Mayer is displeased with the way the case is developing. He, too, shares Trick’s distaste for hsien, as well as the general dismissal of the human (Kenzi). Another interesting part of this episode is how over-the-top Mayer’s lines are, and yet how well he pulls them off. Neither Cassie nor Seymour even come close to pulling off the campiness, but Mayer absolutely nails it.
Kenzi and Bo head to the rival poker game. Kenzi focuses on this as chance to be in a world where she knows the rules and the requisite skills, unlike the Fae world. Once there, Bo looks to head to the back room with the boss and Kenzi decides to take over the poker game.
Speaking of campy, this poker table. It’s a smorgasbord of overblown poker stereotypes, taken to their absurdist limit. Kenzi uses the moment to explain the concept of a “tell” to Bo, which is conveniently demonstrated by one of cliches sitting at the table. The Law of Plot Economy suggests we will hear about ‘tells’ more later, and (spoiler alert) we do.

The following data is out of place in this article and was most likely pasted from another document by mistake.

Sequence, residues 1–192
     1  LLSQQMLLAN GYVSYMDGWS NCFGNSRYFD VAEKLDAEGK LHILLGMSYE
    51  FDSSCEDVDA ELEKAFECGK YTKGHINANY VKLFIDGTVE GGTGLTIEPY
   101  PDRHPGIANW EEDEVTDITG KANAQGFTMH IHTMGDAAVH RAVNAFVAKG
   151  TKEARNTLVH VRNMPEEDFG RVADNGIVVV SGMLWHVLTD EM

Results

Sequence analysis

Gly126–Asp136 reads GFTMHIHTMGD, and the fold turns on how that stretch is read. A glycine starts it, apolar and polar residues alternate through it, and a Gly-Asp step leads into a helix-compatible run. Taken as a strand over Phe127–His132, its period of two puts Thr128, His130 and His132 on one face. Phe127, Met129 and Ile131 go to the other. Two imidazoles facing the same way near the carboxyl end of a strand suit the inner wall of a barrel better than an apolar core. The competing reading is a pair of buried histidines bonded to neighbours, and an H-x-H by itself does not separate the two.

The camera briefly checks in with Kenzi just long enough to hear “Mighty Mario” call her “hotbox” and to see her pointing out everyone’s tell.
In the back room, Bo looks to be making progress, but finds her magic succu-compulsion isn’t working and Jesper already knew she was coming from an inside source.
They struggle, but Jesper grows two large icicles from his thumbs and jabs them into Bo’s chest. Non-consensual penetration seems to be this guy’s thing. As he mentioned in the flirty, pre-making-out convo with Bo, he’s not above using force if necessary. And it’s apparently very necessary for him to jab his two phallic pieces of ice into her.
Kenzi creates a cartoonishly improbable conflict that allows her to distract Jesper, help Bo impale him on a sundial, and then drag Bo out of the back room casino. Kenzi rushes her to the Dal, where Dyson provides some noisy sexual healing, and Trick slams a tray of dishes down in disapproval.
Lucas (the evil hsien) has waited for Bo and Dyson to exhaust themselves sexually before he attacks Eddie (the good hsien). How convenient! Back to the morgue!